I still do not understand why you refuse to describe differences in skin colour among groups of people as an example of evolution, although you accept the common ancestry of these different groups. Please explain. It would help if you told me what you mean by the term “evolution”?

                    I do not think that any of the topics we have hitherto discussed, other than the size of the ancestral population, are mentioned in Genesis, so I do not think that your mention of Genesis provides an answer to my questions.

                    I would greatly appreciate an answer.

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                    • I do have another question then: does the DNA evolve (change) or is there simply evolution (change) in appearance with no change to the basic genetic material?

                      Like

                    • “I do have another question then: does the DNA evolve (change) or is there simply evolution (change) in appearance with no change to the basic genetic material?”

                      Changes in what is inherited do indeed correspond to changes in the DNA, which carries the genes. That is why the technical definition of evolution is a change in the genetic makeup of a population. A lot of evolution corresponds to changes in the frequencies of existing varieties of the genes that are already there, but additional novelty is provided by “mutation”, which simply means change in the DNA.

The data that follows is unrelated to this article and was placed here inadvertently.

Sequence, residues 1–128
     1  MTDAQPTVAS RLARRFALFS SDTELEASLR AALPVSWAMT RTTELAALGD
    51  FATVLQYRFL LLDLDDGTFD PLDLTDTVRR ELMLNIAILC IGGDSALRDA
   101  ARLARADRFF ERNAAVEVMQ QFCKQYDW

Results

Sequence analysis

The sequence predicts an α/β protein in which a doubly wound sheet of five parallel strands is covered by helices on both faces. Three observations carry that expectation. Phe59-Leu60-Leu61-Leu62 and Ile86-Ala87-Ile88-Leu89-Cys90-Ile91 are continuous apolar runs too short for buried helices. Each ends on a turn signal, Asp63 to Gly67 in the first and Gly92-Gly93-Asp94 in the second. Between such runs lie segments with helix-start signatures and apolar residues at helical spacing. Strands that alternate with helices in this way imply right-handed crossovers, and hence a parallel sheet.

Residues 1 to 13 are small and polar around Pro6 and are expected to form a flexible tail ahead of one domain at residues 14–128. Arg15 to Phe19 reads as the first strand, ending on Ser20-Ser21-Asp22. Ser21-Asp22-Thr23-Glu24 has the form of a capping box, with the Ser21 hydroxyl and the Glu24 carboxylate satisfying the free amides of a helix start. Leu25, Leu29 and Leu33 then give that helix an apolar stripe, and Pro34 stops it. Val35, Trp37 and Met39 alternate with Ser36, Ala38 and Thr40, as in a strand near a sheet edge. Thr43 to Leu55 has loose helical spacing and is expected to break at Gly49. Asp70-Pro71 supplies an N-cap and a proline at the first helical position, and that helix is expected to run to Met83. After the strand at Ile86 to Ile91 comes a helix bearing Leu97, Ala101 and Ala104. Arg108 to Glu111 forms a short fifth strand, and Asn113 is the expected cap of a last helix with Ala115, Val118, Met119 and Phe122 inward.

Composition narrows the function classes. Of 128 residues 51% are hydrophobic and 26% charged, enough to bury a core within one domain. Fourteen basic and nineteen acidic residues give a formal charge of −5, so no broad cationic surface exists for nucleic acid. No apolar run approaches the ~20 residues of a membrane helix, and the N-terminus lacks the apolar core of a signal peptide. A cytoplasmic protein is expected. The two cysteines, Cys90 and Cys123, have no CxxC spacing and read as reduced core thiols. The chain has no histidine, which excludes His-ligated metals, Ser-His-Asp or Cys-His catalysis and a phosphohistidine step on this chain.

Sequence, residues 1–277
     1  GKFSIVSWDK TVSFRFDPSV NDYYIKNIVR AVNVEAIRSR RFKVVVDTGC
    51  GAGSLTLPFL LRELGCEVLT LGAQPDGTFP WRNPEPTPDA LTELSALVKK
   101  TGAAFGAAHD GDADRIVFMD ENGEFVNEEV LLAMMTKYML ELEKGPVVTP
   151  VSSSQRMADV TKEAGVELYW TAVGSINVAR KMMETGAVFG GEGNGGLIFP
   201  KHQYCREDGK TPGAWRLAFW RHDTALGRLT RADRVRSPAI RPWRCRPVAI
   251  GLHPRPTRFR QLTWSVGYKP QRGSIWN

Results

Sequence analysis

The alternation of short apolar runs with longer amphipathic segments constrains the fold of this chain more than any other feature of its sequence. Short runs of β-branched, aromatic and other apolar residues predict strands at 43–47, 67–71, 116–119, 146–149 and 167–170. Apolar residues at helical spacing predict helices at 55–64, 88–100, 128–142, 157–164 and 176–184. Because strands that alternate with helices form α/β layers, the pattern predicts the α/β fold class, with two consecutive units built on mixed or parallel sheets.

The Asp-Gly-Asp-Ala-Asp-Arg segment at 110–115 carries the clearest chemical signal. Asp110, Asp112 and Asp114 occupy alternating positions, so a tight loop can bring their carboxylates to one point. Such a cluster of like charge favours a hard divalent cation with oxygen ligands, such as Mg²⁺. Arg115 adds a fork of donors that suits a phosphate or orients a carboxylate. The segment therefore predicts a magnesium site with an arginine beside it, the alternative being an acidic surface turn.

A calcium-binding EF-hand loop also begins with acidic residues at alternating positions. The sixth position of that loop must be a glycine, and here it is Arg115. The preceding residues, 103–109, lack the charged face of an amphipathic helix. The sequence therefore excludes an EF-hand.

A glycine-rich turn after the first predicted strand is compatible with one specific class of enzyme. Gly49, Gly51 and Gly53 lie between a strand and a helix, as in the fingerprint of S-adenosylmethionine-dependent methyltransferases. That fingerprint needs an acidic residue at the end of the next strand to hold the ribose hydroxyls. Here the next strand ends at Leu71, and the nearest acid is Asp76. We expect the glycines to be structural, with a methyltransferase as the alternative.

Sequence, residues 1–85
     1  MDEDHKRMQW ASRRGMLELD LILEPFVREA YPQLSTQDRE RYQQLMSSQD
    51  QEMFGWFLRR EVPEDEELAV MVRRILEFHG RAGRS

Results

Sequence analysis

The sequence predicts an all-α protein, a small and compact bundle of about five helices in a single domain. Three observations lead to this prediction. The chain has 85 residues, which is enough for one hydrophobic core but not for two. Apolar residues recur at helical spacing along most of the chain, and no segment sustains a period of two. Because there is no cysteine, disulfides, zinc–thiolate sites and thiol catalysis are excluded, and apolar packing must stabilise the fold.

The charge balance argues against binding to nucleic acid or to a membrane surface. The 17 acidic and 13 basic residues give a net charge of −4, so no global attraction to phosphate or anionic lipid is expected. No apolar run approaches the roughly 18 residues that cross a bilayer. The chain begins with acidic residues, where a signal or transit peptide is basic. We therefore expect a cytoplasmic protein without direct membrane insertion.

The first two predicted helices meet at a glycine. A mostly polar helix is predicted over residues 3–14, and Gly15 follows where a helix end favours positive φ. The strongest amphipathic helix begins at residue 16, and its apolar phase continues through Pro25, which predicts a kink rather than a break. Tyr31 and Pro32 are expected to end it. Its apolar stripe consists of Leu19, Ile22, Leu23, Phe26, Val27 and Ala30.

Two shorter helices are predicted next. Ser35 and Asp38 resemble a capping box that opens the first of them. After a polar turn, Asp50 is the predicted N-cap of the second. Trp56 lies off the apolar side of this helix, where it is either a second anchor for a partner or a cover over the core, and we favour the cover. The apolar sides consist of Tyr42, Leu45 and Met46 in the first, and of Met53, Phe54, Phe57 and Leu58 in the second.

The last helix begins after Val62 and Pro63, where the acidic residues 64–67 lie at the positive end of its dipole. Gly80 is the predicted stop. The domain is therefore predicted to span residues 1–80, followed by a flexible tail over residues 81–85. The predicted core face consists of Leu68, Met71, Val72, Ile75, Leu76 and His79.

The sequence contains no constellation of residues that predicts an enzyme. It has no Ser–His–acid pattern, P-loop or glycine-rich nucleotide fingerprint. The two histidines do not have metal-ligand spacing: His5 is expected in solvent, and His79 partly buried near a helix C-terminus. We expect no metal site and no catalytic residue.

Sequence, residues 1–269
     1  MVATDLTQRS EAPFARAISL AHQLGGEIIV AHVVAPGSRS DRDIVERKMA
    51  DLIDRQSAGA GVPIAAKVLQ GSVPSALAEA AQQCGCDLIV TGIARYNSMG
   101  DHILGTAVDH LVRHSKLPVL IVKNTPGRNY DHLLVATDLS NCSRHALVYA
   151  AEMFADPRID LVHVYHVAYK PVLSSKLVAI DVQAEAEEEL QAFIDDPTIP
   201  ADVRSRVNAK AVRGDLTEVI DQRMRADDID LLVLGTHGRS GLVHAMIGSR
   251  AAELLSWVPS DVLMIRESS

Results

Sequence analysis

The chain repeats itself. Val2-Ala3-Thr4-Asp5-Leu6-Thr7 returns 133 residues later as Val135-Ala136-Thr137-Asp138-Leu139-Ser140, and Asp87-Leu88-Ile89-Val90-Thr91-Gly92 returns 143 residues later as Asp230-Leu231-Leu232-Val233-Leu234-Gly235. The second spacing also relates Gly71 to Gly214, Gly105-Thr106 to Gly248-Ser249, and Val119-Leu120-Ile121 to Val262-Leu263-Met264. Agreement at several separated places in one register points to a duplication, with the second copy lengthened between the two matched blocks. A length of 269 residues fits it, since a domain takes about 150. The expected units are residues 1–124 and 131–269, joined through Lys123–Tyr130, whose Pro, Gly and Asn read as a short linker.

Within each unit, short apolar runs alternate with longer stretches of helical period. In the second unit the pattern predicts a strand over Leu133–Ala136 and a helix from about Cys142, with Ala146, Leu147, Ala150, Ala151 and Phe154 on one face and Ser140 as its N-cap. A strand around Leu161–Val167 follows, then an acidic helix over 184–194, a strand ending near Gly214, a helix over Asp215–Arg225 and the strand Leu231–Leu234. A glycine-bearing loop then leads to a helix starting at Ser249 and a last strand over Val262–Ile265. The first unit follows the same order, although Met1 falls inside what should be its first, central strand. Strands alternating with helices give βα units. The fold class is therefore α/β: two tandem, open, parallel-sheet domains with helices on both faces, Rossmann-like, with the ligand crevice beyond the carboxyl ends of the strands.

Such changes are inevitable, because although the DNA copying apparatus is very good, copying is never perfect. So mutations are happening all the time. A lot of them don’t make any difference, so whether they spread or not is a matter of chance. Mutations that reduce fitness tend to be bred out, and those that increase fitness tend to spread. Fitness depends on circumstances, and may not always correspond to progress. For example, a mutation that stops eyes from developing will increase the fitness of cave fish, since it will save the effort of developing eyes where there is nothing to see anyway.

                      The environment can affect how genes work, but the evidence at present suggests that it is unusual for an environmental influence to be inherited, and when it is, it disappears in two or three generations.

                      Does this help?

                      Like

                    • Yes, this does help me to understand your perspective.

                      My comments about a dog evolving into an elephant were really quite silly, although I am still not convinced that it could not happen in an evolutionary framework (with a very very very slight chance of probability). I was trying to aim though at this whole concept of evolution (change) within the DNA. I’ve had a couple conversations now with people who deny ‘change’ in that sense of the word all together. And they do seem to have a point when they talk about dominant traits and weaker traits and how certain conditions bring certain traits to the foreground (like me getting a sunburn when I walk out into the sunlight). I wouldn’t really think of sunburn as a change in my genetic makeup. I’ll have to bring some of your points up to my creationist friends to cross-test what you are saying with other academic hypotheses. My research of evolution and creationism is a bit slow since I am not a scientist, but I keep on plugging.

                      Cheers!
                      Nathan Zekveld

                      Like

                    • Very glad to have been of help.